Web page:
This place is so QUIET. We can’t believe it. If we are outside and listen carefully we can hear traffic on a highway. But mostly we hear absolutely nothing. The park is mostly empty so there are no cars or trucks or RVs passing by or people walking dogs or kids playing, etc. It is eerie but I love it.
Dennis announced that this was a good day for pancakes and began to mix up a batch. Betty and Jay Crane introduced us to Kodiak Cakes Frontier Flapjack and Waffle Mix. They are little pancakes and really delicious. We put together eggs and bacon, started our fire and ate at our picnic table. What fun!
Today we drove thirty miles east into the coastal foothills to visit Jan and Gary who live in Blachly. It is a remote rural area and I was curious to see her home. I was also anxious to see how Janet is doing. I spoke to she and Gary on the phone and I was able to understand some of what she was saying.
I have not seen Janet since 2007 when we passed through Eugene on the way home from our maiden RV trip. Since May 31, 2011 she has been recovering from an ischemic stroke on the left side of her brain. She has Broca’s aphasia, which affects speaking and expression. She was recovering well and was able to walk until she suffered a second stroke. Now she is confined to her bed.
Janet is the daughter of my mother’s brother, my Uncle Don Wroncy. Our family lived in Redondo Beach and the Wroncy family lived in La Jolla so I’ve known Janet, Joan and “little Don” since we were small kids. We were all beach kids and spent our days playing in tidal pools or catching waves on our air mattresses. Sally and I leaned towards writing, music and art but the Wroncy kids were biology and botany buffs. They always kept snakes and aquariums and creatures that made my sister and I go, “Euuu!”
My Uncle Don was a pilot who flew for Transocean. When I moved to Oahu to attend the University of Hawaii he used to call me and take me out to dinner when he had layovers. He was drop dead gorgeous and his wife was a Lauren Bacall beauty who always looked like a fashion model. She worked for Saks Fifth Ave in La Jolla for more than twenty years. The three kids were classic California youth: blonde and tanned with pointy chins and big blue eyes. Janet is four years younger then me and also graduated from the University of Oregon with a major in biology. During her college years she rented a nearby field, farmed it by herself and sold her organic produce to the university co-op and to other groceries in Eugene. Her hair was her glory: thick, blonde and curly. She always wore it down and it was well below her shoulders.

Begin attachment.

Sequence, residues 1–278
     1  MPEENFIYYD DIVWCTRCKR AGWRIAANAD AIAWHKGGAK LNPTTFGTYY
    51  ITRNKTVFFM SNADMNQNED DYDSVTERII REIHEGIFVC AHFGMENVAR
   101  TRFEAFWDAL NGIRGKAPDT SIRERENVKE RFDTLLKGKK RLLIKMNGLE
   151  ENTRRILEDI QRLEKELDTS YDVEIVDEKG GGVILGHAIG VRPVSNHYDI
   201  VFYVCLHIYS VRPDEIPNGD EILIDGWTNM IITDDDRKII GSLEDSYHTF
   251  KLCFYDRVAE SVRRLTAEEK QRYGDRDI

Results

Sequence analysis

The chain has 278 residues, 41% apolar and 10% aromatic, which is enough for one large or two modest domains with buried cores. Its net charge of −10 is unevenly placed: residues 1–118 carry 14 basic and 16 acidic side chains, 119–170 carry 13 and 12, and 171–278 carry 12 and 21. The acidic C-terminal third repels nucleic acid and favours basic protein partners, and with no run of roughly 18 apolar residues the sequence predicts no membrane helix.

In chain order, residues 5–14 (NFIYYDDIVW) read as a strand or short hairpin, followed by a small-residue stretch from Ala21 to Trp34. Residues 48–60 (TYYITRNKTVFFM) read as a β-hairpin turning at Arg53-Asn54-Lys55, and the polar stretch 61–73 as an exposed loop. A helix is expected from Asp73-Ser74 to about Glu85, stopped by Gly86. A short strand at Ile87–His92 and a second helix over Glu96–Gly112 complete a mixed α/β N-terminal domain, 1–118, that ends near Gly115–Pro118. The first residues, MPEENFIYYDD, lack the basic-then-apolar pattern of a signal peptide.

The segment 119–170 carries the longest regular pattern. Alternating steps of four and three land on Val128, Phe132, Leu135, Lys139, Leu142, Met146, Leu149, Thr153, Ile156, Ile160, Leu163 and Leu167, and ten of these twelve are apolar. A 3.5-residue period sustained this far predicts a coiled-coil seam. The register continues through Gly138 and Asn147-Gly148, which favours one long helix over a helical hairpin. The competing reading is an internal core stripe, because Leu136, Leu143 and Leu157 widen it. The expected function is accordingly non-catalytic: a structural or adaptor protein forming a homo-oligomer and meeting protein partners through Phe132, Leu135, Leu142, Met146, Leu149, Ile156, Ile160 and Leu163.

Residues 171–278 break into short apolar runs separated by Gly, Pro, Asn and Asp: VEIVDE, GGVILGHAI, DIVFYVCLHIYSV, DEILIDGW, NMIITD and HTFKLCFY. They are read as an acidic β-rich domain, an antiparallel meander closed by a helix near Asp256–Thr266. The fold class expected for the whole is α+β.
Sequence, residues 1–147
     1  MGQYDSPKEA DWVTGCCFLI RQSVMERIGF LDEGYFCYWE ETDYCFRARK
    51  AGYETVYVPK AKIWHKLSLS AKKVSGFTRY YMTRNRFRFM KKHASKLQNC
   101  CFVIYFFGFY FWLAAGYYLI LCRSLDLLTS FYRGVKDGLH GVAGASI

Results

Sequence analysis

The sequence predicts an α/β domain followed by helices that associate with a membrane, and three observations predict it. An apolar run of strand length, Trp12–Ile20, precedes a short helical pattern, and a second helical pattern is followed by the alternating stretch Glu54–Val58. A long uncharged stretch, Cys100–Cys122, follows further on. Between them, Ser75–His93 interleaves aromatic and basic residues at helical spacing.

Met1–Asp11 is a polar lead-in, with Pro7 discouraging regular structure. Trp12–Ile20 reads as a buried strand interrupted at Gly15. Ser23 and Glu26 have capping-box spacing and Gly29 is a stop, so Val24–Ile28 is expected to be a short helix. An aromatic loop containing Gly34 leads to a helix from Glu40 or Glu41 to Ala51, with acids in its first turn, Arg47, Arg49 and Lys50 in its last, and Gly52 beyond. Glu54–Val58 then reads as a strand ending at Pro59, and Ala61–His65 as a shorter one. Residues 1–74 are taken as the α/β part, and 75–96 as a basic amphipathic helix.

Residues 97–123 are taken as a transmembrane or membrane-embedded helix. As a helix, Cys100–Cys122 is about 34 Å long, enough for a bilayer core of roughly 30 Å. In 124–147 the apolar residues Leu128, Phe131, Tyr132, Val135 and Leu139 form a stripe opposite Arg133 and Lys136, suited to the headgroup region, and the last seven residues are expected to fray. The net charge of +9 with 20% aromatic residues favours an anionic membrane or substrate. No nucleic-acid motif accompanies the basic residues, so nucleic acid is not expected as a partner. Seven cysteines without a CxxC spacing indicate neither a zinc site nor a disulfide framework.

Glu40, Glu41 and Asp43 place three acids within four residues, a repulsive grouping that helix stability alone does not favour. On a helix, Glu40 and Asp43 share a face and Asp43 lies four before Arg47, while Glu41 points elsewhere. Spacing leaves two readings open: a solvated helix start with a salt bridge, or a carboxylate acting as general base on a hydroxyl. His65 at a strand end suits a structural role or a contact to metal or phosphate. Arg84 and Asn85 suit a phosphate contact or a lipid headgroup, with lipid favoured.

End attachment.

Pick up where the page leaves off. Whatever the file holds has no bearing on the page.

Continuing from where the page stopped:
Gary met her in the co-op and he says that after that, “it was all over.” Thirteen years her junior, he used to design, manufacture and sell bikes. Now he works from home as a CAD programmer for a variety of clients. When they met Janet told him that she wanted to live in the country, have a small farm and a baby. Gary obliged her. They have a son, Forest Wroncy-Hale, who works for Google and lives near Seattle. Janet was a hard worker, an active, outdoor, nature-woman who loved to garden. She was also a marvelous cook. It seems hard that she can no longer step outdoors at will.
We parked by a big two-story shingled house. I learned that it was built by a lumberman in 1900 and then two more additions were built in the 20s and 30s.
Their big lab, Mango, announced our arrival and Gary greeted us. He led us to a large room which serves as his office and Janet’s bedroom. He has a desk with four monitors for his complicated graphic programs. Janet is in a hospital bed in the middle of the room. Gary has set up a huge monitor in front of her bed that serves as both TV and computer. I think it provides Janet’s main form of entertainment. However, since her second stroke it seems difficult for her to manage a remote or the keyboard. Our email exchanges are always written by Gary for Jan.
We greeted Janet and I was relieved that she was able to speak fairly clearly. I could understand about 80% of her words. Often she is frustrated when she can’t recall a word and then she writes synonyms or spells it on a pad of paper. Gary is an expert at translation. He is very handsome, smart, kind and strong. He loves Janet absolutely and there is no doubt that he is a patient and dedicated caretaker.
Janet wanted us to see the “farm” so Gary walked us around the property. They have seven acres and much of it was under cultivation when Janet was able to take care of it. There is a big greenhouse, a large vegetable garden and a big field where I think they once kept sheep. The property slopes down to a creek and ends at a small beach where there is a “swimming hole”. Beyond the creek the land slopes up into the hills. It is the ideal, bucolic environment that Janet must have envisioned when she was younger.
After our walk we gathered around Janet while Gary showed family album photos of the Wroncy family. I saw many I had not seen before so Gary forwarded them to me. We had a lovely visit and I’m so glad we had an opportunity to connect after all these years.
Tomorrow we will drive to Vancouver, WA where we will spend the Memorial weekend with Marian and Joe Schwary (Dennis’s sister), Jana and Bob Thorn (Marian’s daughter), Kevin Christensen and Jose Castillo (Kevin is Marian’s son) and probably several other extended family and friends. Jana is doing a BBQ on Monday afternoon.
We will stay a week and then push east towards Idaho and Montana to Glacier Natonnal Park or perhaps northeast to Vancouver, Canada and then up to Banff Nattional Park. I’m keeping an eye on weather reports….